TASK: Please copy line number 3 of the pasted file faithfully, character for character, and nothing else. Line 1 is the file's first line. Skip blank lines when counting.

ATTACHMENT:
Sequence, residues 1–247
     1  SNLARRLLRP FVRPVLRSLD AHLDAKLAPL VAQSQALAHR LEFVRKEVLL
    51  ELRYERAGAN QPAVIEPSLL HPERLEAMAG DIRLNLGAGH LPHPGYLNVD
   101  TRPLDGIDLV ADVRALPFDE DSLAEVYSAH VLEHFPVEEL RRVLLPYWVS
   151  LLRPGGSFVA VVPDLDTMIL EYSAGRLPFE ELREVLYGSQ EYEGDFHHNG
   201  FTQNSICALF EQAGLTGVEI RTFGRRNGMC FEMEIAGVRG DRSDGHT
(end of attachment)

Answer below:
    51  ELRYERAGAN QPAVIEPSLL HPERLEAMAG DIRLNLGAGH LPHPGYLNVD